• “…design or designs formed by the repeat of shape, line or form within the design field. When a shape is repeated three or more times a pattern is formed.” (A Fiber Artist’s Guide to Color & Design, pg.99)

The repetition of the motif, color, value, line, shape, or texture does not necessarily have to be identical in order to create a pattern. (Quilter’s Book of Design, 2d, pg. 49)

A pattern is often regular, high in contrast and represents something we can identify, like a plant. (Pentak & Lauer, pg. 168) See figure A

A quiltmaker can “use design elements such as solid colors and plain thread without any pattern in them, and use them in a way that creates a pattern in the whole composition.” (Quilter’s Book of Design, 2d, pg. 80)

“If fabric has a large scale pattern, its repetitions will not even be visible when small pieces are cut from it. If the fabric has a medium scale pattern, the repeats may be visible and be a strong part of the design.” “It is important to remember that the size of the fabric pattern will influence its readability at a distance.” (Quilter’s Book of Design, 2d, pg. 80)

Types of pattern: “patterns can be broadly grouped into categories according to their style or shape.” (Quilter’s Book of Design, 2d, pg. 81)

  • geometric or amorphous: mostly straight lines with angles. Designs with curvilinear lines are sometimes geometric.
  • Realistic: something can be identified such as objects or people (Quilter’s Book of Design, 2d, pg. 81) (The Tarts Come to Tea)
  • abstract: simplified shapes that suggest a subject (Quilter’s Book of Design, 2d, pg. 81)
  • non-objective: abstract without suggesting any realism(Quilter’s Book of Design, 2d, pg. 81)

Pattern used in Quiltmaking

  • repeat motifs on a length of fabric, like dots. “Fabric will pattern may be used to contribute to the unity, balance, or variety in the design, but the scale of the pattern, that is its size in relationship to the size of the pieces that are cut will determine the impact of the pattern on the overall design of the quilt.” (Quilter’s Book of Design, 2d, pg. 80)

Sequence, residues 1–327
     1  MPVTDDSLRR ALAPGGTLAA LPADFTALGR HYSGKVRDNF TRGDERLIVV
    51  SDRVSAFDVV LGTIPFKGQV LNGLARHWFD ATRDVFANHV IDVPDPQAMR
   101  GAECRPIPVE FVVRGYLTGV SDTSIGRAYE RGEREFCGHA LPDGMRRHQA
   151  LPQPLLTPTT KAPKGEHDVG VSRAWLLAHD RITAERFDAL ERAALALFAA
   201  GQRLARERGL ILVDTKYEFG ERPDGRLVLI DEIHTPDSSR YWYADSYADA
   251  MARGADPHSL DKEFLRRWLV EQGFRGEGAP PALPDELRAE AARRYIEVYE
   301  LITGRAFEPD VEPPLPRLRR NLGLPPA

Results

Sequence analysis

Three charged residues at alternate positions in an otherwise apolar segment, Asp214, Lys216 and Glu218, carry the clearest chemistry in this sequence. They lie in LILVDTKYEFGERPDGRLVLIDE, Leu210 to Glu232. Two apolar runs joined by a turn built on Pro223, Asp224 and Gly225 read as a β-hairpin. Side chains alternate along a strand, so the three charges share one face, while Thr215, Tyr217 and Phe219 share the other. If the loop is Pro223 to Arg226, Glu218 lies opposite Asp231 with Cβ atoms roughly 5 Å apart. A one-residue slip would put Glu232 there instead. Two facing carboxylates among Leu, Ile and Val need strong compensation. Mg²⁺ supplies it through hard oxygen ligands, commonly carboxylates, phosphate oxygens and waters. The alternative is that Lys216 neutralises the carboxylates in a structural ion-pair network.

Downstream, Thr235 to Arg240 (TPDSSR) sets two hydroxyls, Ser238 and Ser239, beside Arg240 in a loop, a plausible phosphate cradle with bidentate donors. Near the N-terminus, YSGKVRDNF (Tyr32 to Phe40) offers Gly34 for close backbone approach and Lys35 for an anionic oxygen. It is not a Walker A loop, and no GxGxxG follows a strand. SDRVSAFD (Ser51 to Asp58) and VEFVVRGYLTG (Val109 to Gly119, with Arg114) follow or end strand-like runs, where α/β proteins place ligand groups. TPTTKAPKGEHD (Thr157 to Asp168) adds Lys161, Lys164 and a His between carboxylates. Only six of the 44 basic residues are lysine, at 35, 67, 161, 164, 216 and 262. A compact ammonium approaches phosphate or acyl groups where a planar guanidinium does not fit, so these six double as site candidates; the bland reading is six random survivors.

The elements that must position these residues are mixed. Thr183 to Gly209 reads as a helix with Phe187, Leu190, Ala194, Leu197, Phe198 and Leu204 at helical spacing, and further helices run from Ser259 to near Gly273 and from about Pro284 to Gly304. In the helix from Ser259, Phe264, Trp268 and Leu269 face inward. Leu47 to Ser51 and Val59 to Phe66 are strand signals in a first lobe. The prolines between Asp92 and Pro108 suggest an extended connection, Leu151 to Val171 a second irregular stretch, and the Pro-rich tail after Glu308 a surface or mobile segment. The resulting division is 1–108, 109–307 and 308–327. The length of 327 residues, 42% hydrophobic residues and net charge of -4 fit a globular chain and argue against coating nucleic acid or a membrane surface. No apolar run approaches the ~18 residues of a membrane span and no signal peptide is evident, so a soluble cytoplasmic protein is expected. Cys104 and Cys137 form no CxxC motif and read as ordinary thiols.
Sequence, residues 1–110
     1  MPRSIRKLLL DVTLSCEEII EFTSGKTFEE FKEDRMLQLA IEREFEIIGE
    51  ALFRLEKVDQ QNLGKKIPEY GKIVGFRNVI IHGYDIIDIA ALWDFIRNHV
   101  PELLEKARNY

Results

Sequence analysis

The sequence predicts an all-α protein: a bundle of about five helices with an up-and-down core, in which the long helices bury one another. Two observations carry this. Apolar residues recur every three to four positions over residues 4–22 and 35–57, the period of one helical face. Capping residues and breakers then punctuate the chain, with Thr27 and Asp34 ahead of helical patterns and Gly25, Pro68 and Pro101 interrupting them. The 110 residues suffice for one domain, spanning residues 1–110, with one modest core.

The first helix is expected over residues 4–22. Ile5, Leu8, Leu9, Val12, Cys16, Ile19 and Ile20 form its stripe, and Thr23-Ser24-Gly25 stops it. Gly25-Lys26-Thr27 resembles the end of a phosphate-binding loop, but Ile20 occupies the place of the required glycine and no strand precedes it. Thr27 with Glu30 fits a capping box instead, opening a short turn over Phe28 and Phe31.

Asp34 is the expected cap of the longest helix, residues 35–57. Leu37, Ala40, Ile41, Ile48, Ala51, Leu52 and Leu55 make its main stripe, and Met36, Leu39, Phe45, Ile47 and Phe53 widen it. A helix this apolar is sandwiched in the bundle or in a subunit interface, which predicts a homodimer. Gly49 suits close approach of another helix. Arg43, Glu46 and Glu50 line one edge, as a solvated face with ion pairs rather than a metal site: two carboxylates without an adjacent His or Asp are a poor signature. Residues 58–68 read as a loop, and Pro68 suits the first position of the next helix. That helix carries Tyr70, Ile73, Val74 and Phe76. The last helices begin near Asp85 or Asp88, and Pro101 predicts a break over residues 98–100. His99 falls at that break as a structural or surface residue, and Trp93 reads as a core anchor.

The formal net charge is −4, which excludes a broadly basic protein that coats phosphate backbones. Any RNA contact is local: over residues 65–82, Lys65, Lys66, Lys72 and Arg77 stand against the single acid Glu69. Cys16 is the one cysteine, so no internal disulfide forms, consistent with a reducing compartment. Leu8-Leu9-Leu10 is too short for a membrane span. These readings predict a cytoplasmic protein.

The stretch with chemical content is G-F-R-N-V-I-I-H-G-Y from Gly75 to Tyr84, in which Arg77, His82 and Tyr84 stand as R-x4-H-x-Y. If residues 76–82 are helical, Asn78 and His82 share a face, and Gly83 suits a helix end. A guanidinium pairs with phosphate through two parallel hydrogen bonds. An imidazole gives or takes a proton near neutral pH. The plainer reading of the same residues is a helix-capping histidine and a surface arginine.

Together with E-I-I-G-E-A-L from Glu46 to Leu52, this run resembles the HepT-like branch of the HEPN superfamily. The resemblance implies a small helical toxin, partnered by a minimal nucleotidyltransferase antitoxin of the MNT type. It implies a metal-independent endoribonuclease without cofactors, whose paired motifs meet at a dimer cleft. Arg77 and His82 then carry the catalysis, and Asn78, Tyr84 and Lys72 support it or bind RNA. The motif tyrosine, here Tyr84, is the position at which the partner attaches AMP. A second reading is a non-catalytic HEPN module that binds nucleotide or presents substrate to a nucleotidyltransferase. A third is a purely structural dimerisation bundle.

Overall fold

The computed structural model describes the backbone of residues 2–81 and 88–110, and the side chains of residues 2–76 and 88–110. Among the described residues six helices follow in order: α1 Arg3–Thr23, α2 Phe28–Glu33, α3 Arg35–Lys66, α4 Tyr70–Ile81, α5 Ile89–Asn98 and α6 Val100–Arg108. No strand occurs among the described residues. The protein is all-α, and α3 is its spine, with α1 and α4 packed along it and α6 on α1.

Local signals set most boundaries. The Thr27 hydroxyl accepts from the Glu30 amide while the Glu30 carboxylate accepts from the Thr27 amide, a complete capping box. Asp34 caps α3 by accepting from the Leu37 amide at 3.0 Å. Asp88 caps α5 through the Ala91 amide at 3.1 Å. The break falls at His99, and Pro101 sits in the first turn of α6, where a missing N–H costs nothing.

• repeat of a group of designs on a length of fabric (fabric repeat)


  • “A pattern is created when the viewer is led to anticipate the same elements in a design.” (Quilter’s Book of Design, 2d, pg. 49)
  • “The repetition does not have to be symmetrical, nor does it have to be precisely place for the viewer to be able to anticipate or find a pattern. Sometimes a pattern is noticed by one viewer and not another.” (Quilter’s Book of Design, 2d, pg. 49)
  • Consistent Feel
    Consistent Feel

    “The shape does does not have to the same size or scale [to create a pattern], but it does need to have a consistent feel.”(A Fiber Artist’s Guide to Color & Design, pg.99) The example of the fabric to the left has a variety of motifs, but the line quality and relation of motifs to each other gives the design a consistent feel. thus creating a pattern. Of course, there is a repeat in the design as well.

  • “Pattern and texture are often used interchangeably because a pattern may give a surface the appearance of texture and because textures have a distinct repeating arrangement that creates a pattern.” (Quilter’s Book of Design, 2d, pg. 79)
  • Pattern is sometimes called visual texture.
  • “The essential distinction between texture and pattern seems to be whether the surface arouses our sense of touch or merely provides designs appealing to the eye. In other words, while every texture makes a sort of pattern, not every pattern could be considered a texture.” (Pentak & Lauer, pg. 168)


  • Claudine Helmuth points out Edouard Vuillard’s work. “He would fill his paintings to the brim with pattern. Every surface is covered in pattern, none of which normally go together but somehow it all works.”  Claudine Helmuth’s Series on Finding your Artistic Style, pt.2)
Swoon Block #1 - finished
Swoon Block #1 - finished

The Swoon block shown was discussed in the episode as one of the examples.



A Fiber Artist’s Guide to Color & Design by Heather Thomas

Art+Quilt by Lyric Kinard

Claudine Helmuth’s Series on Finding your Artistic Style, pt.2:

Design Basics by Pentak & Lauer

Homework (ochre image above)

Quilter’s Book of Design, 2d, by Ann Johnston

Textile Design blog – (black & white image above)